It's a very good time to have a new obsession. Well, let me rephrase that: it's a very good time to have a new obsession that it's even possible to enjoy. Optimally one you can embroider and revisit completely alone, in the night.
Formula 1: Drive To Survive is by a producer whose work you should just start going through and not stop until you're done. He worked on the frankly miraculous Senna, also about F1, and Amy, and Oasis: Supersonic, and Maradona - these are all films I've been trying to figure out a way to discuss in the post, but haven't been able to, so here you are. I imagine that if you're coming from outside the sport like I am, you won't believe what you're watching in Drive To Survive. I had no frame of reference for this shit.
Drawing cars has generally been considered by our Gabriel as something like his Kryptonite, but then, that was when he did not love them. Now look at this shit. He has showed me images of his car drawings privately and they are… let's say "Rubenesque." I don't know if he wants to fuck all the buses but I would like to take a look at his search history.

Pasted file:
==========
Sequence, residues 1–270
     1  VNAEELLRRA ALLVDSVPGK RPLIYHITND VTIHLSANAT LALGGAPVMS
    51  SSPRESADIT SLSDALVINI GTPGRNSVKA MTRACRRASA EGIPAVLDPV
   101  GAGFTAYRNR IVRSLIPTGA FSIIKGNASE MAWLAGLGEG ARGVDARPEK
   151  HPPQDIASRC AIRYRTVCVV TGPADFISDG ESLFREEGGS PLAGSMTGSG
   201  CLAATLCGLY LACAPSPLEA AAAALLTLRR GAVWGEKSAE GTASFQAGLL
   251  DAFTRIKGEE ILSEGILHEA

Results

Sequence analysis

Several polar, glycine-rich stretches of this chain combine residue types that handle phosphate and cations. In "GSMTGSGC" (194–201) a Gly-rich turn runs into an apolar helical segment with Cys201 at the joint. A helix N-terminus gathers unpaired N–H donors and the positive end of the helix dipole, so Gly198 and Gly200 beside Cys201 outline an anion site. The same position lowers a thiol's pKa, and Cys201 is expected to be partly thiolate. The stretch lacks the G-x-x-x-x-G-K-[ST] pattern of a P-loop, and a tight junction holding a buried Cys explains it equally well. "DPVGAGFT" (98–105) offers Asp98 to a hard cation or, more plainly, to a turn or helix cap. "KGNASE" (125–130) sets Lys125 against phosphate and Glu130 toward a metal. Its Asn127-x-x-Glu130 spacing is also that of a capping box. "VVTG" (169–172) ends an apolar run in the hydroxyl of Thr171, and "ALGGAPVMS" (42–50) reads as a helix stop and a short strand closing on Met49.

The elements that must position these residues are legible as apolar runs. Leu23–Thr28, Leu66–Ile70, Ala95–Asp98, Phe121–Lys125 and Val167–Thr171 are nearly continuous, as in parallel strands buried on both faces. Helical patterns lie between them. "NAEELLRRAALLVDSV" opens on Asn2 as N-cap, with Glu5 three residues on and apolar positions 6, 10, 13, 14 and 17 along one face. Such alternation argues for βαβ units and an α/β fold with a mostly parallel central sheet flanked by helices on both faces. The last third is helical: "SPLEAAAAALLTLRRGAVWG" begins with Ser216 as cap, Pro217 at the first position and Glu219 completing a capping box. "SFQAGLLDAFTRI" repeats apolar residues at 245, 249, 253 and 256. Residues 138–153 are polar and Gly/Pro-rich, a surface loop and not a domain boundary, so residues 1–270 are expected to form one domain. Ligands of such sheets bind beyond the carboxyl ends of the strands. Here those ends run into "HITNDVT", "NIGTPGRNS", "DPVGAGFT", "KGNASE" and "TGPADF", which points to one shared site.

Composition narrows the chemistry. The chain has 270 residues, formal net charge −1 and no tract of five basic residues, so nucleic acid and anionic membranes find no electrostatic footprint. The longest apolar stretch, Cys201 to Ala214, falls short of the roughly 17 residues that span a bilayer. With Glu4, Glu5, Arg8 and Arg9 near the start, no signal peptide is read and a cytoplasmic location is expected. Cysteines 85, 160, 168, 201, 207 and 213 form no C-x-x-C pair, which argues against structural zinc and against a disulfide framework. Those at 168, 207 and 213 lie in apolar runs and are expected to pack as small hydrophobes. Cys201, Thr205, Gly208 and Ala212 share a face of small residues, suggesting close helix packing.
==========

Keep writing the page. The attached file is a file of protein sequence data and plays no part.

The story is also real, by the by - an elaboration on something we'd already discussed, various sports going digital, was always going to churn up novelty. Really, really caring about the outcome of a game is rare for me, I learn more when I lose, and the pain associated with loss is of a short duration. I'm not a good teammate for people who give a shit. So, I find stories about authentically competitive people very interesting. They're really, really weird, but they're weird about a thing - winning - that every cultural force says It's Okay To Care About. So they get enabled in it for a period of time until they're exiled, and hopefully they can put an identity back together real quick that doesn't kill them. These motherfuckers are out here doing the fucking Heroes' Journey or some shit, walking the pattern, and I'm trying to make it so the rice gets done cooking at or very near to when the rest of dinner is done. You know. That's my Everest.
There's a very interesting dynamic when it comes to Sponsorship, where there's a novel tipping point revealed that is internal to the mechanism: a hinge at which the perceived gain for cutting the Sponsored entity is greater than the Sponsorship itself. Call this "Tycho's Fulcrum," if it needs a readily accessible handle. I'd never even heard of the sponsor he lost until all this, a very robust assertion of what I already thought, which is the best kind really. Nice to get a fulcrum right out of the box and already have it calibrated.